• Sun
  • Dec 21, 2014
  • Updated: 7:16pm
City Beat
PUBLISHED : Monday, 18 August, 2014, 5:56am
UPDATED : Monday, 18 August, 2014, 5:56am

Seize the day or miss the boat in dialogue with Beijing

Pan-democrats must welcome every window of opportunity to discuss universal suffrage

For Hongkongers, communication between Beijing and the pan-democratic camp is always warmly welcomed.

And so it was when the long-awaited talks between pan-democratic lawmakers and Beijing's top representative in the city - liaison office director Zhang Xiaoming - on universal suffrage for the 2017 chief executive poll, started on Friday. They will continue this week.

However, the atmosphere this time seems to be very different from an ice-breaking Shanghai trip in April to which Beijing invited all lawmakers, including the pan-democrats.

Hongkongers were then full of expectations that the visit would enable further talks between the two sides to seek more common ground so as to work out a proposal for a more democratic 2017 election. As it turned out, quite the opposite happened.

This time, the pan-democrats have found cold water being poured on their meetings with Zhang. Would they be able to accomplish a fruitful outcome and persuade Beijing to adopt a softer stand? Or has the camp, after all its theatrics, missed the best time to bargain for genuine universal suffrage?

The framework for the 2017 arrangements is to be set out officially by the National People's Congress Standing Committee in the last week of this month. Theoretically, there is still a last-minute chance to get Beijing to compromise and agree to let pan-democrats run for the top job.

Was it not a compromise in 2010 when Beijing eventually - to the surprise of one and all - accepted a Democratic Party proposal that allowed more democratic elements in the Legislative Council election?

But in the current round of political reforms, recent signs suggest history might not repeat itself. Just ahead of news of Zhang's meetings, speculation quoting "authoritative Beijing sources" started to spread, saying the Standing Committee would decide to impose on chief executive hopefuls a strict 50 per cent threshold in the nominating committee in order to contest the poll.

Then came suggestions by Beijing-loyalist heavyweights that the Standing Committee should have reached a decision by now and is merely waiting to announce it, rather than still being open to change. And that the window of opportunity for pan-democrats to fight for more democracy had closed after the Shanghai trip, as Beijing would take months to finalise its stand.

Unfortunately, although the Democrats had lined up meetings with Zhang then, they shelved the talks after Beijing released its controversial white paper in June emphasising its total control over Hong Kong.

Meanwhile, a significant development on the mainland caught the eyes of many: the week before, the official Xinhua News Agency released a picture showing first lady Peng Liyuan at the summer resort of Beidaihe outside Beijing, chatting with local teenagers.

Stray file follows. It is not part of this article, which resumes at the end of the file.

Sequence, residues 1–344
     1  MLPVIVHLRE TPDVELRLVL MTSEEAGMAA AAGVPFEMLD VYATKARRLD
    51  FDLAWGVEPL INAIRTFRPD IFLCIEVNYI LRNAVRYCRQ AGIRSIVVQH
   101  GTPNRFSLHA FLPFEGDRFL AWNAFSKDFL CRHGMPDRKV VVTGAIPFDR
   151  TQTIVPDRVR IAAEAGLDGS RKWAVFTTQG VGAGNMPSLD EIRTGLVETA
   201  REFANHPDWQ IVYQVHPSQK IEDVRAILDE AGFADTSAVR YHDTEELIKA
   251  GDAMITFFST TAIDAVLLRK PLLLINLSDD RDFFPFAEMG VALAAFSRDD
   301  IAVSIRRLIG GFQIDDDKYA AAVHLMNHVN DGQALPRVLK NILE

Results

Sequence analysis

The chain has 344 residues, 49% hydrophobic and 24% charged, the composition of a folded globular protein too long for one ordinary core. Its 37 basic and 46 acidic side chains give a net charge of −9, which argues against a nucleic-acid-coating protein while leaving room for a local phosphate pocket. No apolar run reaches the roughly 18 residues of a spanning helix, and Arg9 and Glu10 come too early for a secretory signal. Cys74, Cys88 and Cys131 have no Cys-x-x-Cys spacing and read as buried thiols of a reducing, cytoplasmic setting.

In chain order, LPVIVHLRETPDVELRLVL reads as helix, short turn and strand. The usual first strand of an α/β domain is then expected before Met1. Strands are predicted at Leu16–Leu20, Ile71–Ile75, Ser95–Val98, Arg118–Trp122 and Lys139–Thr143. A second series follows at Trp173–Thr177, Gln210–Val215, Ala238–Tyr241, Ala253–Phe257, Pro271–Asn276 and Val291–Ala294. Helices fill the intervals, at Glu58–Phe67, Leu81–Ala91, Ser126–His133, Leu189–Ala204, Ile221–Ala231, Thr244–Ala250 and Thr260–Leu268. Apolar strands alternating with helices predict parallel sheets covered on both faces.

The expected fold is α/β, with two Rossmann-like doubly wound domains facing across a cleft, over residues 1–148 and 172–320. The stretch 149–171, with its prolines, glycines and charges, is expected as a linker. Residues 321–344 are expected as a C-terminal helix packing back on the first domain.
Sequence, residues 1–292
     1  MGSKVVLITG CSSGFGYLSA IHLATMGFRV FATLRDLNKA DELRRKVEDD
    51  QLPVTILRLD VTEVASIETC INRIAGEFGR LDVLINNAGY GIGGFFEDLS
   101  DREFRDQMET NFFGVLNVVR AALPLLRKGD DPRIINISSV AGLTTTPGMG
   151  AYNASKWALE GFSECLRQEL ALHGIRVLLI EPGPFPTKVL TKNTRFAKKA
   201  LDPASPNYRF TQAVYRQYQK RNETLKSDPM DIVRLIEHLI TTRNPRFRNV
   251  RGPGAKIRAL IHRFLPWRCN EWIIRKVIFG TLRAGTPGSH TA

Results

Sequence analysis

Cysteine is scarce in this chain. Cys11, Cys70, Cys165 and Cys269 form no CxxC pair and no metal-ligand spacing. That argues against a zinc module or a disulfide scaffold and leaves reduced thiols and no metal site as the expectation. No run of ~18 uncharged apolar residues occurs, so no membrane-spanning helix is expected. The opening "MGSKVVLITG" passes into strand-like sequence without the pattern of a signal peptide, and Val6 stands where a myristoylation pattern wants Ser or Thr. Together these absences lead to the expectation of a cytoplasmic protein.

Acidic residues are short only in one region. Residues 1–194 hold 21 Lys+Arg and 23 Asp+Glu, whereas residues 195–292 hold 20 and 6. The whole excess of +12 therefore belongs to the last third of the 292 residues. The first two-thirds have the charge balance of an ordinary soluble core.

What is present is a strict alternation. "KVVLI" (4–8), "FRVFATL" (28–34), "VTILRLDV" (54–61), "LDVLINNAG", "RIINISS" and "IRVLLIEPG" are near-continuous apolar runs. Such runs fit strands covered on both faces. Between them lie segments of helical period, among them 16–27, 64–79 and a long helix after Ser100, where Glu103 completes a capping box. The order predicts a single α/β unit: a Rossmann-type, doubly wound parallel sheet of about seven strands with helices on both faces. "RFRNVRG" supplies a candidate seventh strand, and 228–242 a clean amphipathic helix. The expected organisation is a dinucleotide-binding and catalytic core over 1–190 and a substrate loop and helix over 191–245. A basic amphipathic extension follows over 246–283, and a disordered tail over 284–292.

That was a strong hint that the annual Beidaihe summit of top leaders, including President Xi Jinping , had begun. One issue widely believed to top the agenda was preparation for the fourth plenary session of the 18th Central Committee of the Communist Party.

The plenary is to focus on how to strengthen the rule of law and deepen reform amid Xi's anti-graft crusade.

The summit has apparently ended, as Xi was at the opening ceremony of Nanjing's Youth Olympic Games at the weekend, though official media do not report on these closed-door talks, such as whether top leaders have achieved a consensus on major issues. With Xi obviously having more pressing matters on his plate, various reports hint the NPC Standing Committee has finalised its decision on Hong Kong and that the 2017 issue is just one of several topics in its coming week-long meeting.

That is why Beijing loyalists such as Cheng Yiu-tong, an NPC delegate and honorary president of the Federation of Trade Unions, claim it is now too late to ask Beijing to change its mind.

But as the saying goes, a week is a long time in politics. Is this "too late" claim merely a test from Beijing? Or does it really mean the golden opportunity to bargain for more has slipped by?

Doubtless, the public wants both sides to keep up the dialogue. All the lawmakers have been invited to Shenzhen on Thursday to meet top NPC officials. That might just be another window of opportunity.

tammy.tam@scmp.com

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This article is now closed to comments

jenny@asian-emphasis.com
Ms Tam is certainly a writer/commentator far below to her predecessors at the SCMP. As detailed below, the choice of certain words gives her views away - this is the person who wrote that it said in the Basic Law that the CE cannot be in a political party (this is wrong, there is nothing in the BL about it, it is in the CE Election Ordinance of the early 2000s). When I emailed her about this she said it "is in the spirit of the Basic Law"! Now, that is Beijing-speak for sure!
cheeky
Ms. Tam, why cant you use this space to write about the real problems plaguing HK? If China can fix the livelihood problems in HK, few would care, let alone question, about their legitimacy to rule HK. this democracy debate is really a diversion tactic. The real issue is HK is badly run by Chinese cronies. Wake up. Few would want to rally under the hot dun and occupy central if there is hope for proper housing and jobs.
 
 
 
 
 

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